The Magic of Music Therapy

Music has a remarkable effect on those with dementia, and here at Avalon Memory Care, we love incorporating music into our activity programming. “It is clear that music does something magical that words cannot do at certain points in the dementia brain,” says Holly Bagwell, Outreach Coordinator.

“We have visiting music therapists join us for interactive sing-along time, invite residents to join in the music-making with percussion instruments, and put up a permanent activity at our Quarterway location we call the “Can you name them?” board.”

The board has names like Sammy, Frank, Elvis, Patsy, and Dolly, and residents are challenged to see if they can remember the artist’s names and music. The best part of the activity is when the staff pulls up a popular song from those artists. “Suddenly our residents remember their favorite songs and sing along!”

According to the National Institute on Aging studies, activities that can be both calming and stimulating, like music therapy, reduce reliance on medication and dementia behaviors like wandering, aggression, and restlessness.

How does this magic work? Here are 5 reasons why music is such a reliable therapy for people with dementia:

1) Music exercises strengthen people’s remaining aptitudes.

Music appreciation and aptitude remain active in the brain longer than other capabilities. According to the Mayo clinic’s Johnathan Graff-Radford, M.D., “Musical memories are often preserved in Alzheimer’s disease because key brain areas linked to musical memory are relatively undamaged by the disease.”

The brain stores musical learning as a procedural memory like many other routines and repeated actions. Dementia primarily affects episodic memory, or our memory of non-routine events, leaving much of the procedural memory intact.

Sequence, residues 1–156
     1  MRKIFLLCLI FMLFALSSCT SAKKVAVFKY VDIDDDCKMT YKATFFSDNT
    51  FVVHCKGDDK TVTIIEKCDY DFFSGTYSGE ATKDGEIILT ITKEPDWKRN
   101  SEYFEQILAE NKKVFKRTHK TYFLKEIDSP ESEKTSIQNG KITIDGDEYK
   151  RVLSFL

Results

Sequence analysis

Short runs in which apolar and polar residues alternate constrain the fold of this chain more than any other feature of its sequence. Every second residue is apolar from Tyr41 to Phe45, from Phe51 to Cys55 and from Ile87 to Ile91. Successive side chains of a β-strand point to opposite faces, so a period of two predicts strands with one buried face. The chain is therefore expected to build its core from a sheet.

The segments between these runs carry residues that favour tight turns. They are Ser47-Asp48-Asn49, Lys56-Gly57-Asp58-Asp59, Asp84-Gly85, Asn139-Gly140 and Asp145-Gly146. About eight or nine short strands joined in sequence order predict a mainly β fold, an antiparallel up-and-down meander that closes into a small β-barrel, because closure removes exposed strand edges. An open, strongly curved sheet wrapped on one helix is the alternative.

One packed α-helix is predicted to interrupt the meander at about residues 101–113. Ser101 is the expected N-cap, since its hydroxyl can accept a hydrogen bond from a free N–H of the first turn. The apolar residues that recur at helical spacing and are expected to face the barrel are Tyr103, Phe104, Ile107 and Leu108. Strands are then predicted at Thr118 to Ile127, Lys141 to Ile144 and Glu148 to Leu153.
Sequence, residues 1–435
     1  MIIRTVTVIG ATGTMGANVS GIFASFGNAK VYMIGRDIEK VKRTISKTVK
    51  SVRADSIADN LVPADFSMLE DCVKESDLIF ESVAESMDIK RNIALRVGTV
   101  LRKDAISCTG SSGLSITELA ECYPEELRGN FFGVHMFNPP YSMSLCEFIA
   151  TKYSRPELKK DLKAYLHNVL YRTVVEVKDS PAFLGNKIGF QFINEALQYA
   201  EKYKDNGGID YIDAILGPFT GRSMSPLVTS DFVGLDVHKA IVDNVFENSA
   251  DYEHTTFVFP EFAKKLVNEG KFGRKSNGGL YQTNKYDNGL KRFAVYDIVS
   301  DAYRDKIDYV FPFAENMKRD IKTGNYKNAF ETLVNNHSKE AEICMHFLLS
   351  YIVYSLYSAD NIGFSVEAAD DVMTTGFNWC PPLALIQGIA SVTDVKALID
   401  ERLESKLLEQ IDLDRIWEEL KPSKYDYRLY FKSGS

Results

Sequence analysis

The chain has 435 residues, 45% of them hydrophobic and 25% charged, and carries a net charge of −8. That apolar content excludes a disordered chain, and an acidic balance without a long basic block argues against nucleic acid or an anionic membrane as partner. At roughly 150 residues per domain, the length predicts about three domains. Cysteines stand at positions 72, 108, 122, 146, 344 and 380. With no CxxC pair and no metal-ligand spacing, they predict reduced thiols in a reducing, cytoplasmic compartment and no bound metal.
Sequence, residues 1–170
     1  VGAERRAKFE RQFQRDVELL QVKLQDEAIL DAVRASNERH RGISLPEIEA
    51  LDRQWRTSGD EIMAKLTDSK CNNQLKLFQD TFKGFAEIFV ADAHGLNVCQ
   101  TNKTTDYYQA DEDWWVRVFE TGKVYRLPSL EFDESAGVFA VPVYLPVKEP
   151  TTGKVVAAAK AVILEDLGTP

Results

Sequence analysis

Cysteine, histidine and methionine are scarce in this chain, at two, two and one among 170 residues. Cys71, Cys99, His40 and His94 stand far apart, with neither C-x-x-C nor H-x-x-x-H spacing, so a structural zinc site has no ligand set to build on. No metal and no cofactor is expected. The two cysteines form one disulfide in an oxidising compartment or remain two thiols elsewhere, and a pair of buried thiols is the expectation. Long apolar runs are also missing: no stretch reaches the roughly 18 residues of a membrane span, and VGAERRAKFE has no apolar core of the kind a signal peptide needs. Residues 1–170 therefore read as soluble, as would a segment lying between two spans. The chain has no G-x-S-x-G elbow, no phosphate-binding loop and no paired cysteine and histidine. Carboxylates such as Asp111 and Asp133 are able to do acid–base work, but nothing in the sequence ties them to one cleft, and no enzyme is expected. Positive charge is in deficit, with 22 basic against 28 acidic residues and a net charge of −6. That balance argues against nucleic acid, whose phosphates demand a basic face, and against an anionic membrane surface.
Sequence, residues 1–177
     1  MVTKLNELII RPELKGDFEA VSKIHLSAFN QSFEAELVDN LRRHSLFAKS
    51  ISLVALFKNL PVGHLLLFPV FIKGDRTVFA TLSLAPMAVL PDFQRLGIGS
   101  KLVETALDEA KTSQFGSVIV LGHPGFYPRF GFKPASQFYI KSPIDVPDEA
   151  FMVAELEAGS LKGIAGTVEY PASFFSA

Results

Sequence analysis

2) Music awakens positive memories and emotions.

Who hasn’t heard an old song and been transported to the past? Musical memories are strong, partly because they’re tied to positive emotions, and the brain prioritizes emotional memories.

3) Music can reduce agitation, stress, and anxiety.

Music therapists often recommend classical, soft pop, and certain types of world music for anxiety and stress reduction. Slow jazz, atmospheric spa-like music, and nature sounds can also be soothing. “We had a resident who wore headphones with music playing throughout the day,” said Holly Bagwell, “This was the only thing that kept her anxiety at bay.”

4) Music can encourage movement.

Getting enough movement in the day can be challenging for some Alzheimer’s patients. Clapping, dancing, hand motions, and playing hand-held instruments are all part of music therapy.

5) Music encourages engagement with others.

For as long as people have made music, music has brought us together. Music therapy encourages people to interact and engage in positive ways. People brighten up and sing together or share memories triggered by a familiar song.

Music can be joyful, life-affirming, and engaging, all the things we want most for our loved ones with dementia. Want to help your loved one enjoy more music? Dementia care experts advise building a playlist to enjoy together. Find popular music from your loved one’s era and experiment with different songs. Note their response to favorites and make a list of soothing melodies and stimulating songs. Experts suggest playing soft music during times that may be stressful, like mealtime, and upbeat music at times you want to help boost your loved one’s mood.

At Avalon Memory Care, we’re always looking for new experiences and therapies to engage our residents. If you’d like to take a tour and learn more about our unsurpassed level of care, call us at (972) 364-4755.

By |2022-06-14T09:26:28-05:00June 14th, 2022|Categories: Uncategorized|0 Comments